Most of our modern daily lives and its conveniences rest on the ubiquitous use of plastic. Unfortunately, this product that seemingly made our lives easier has become a major environmental issue, and a threat to the health and well being of the oceans and countless marine creatures.
Every piece of plastic ever made is still on the planet. A plastic sandwich bag takes 50 years to break down. A polystyrene cup has a projected lifetime of 500 years before degrading into small pieces. Plastic toys, plates, and bottle caps can last for centuries.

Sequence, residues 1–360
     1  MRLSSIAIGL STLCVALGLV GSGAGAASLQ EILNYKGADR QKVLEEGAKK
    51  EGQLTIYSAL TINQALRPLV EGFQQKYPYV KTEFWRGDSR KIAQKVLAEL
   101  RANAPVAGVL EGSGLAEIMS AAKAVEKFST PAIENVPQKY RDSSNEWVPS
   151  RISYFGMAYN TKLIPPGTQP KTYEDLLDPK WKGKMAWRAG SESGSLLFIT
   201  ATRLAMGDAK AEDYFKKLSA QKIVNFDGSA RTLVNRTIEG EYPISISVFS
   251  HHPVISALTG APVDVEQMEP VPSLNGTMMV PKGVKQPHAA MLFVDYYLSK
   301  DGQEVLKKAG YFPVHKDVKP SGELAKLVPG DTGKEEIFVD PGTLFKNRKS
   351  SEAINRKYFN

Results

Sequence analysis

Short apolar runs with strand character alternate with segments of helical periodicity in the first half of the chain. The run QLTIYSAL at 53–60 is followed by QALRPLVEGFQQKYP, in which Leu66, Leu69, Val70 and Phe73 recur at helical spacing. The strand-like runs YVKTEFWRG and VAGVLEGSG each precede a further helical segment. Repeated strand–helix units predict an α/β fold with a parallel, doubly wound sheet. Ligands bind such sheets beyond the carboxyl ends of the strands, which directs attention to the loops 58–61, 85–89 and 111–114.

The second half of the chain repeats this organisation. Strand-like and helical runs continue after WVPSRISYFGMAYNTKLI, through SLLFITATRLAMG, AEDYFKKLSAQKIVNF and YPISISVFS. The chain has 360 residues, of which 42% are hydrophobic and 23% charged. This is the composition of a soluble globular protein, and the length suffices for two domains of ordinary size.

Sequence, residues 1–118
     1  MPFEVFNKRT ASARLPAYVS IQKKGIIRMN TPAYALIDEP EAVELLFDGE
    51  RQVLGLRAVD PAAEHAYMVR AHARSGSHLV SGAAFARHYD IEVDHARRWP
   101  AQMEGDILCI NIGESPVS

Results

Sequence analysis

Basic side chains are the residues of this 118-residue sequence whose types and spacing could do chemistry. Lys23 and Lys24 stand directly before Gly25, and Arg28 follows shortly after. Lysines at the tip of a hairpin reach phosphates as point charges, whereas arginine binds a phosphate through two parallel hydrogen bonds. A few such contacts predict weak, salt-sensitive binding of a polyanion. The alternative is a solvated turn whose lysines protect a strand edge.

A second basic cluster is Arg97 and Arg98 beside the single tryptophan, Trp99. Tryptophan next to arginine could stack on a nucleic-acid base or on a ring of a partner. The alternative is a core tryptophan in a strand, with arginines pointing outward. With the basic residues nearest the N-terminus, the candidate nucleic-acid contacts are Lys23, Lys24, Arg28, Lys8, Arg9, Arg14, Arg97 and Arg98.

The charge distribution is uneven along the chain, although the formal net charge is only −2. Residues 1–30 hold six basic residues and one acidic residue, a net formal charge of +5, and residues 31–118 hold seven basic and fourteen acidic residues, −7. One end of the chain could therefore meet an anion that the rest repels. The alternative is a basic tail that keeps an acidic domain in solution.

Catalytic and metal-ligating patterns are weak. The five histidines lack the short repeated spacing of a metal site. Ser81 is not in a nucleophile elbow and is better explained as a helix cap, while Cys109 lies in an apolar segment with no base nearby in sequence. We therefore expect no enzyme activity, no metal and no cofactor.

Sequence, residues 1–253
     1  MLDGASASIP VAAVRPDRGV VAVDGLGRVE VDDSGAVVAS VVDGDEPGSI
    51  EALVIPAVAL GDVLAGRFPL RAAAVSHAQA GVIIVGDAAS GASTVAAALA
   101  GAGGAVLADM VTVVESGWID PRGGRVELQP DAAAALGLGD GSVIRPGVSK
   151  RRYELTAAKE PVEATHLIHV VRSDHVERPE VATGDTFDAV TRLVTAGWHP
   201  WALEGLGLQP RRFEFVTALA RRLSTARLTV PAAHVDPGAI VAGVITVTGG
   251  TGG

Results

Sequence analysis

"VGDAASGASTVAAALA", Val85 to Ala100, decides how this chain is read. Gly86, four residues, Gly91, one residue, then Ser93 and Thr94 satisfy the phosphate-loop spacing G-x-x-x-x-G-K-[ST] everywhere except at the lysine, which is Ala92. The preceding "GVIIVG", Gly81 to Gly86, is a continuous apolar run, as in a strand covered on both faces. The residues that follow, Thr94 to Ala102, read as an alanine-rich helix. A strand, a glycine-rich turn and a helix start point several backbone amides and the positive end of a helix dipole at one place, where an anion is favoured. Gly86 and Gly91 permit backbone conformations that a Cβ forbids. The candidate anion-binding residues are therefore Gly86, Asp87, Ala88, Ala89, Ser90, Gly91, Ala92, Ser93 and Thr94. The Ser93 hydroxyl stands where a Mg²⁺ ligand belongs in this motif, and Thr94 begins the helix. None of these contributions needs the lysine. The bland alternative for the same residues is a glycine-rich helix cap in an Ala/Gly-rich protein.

Project Kaisei (Japanese for “Ocean Planet”) was started by Mary Crowley, founder and director of Ocean Voyages Institute, in an effort to not just talk about the trash in the ocean, but to actually clean it up. Project Kaisei’s focus is on cleaning up the North Pacific Gyre, also known as the Great Pacific Garbage Patch. The Gyre, the poster child for man-made pollution, is the world’s largest ecosystem and the world’s largest trash dump. Plastics, sludge, and non-biodegradable debris continue to accumulate at this point so that now researchers estimate the pollution to cover thousands of square miles of open ocean.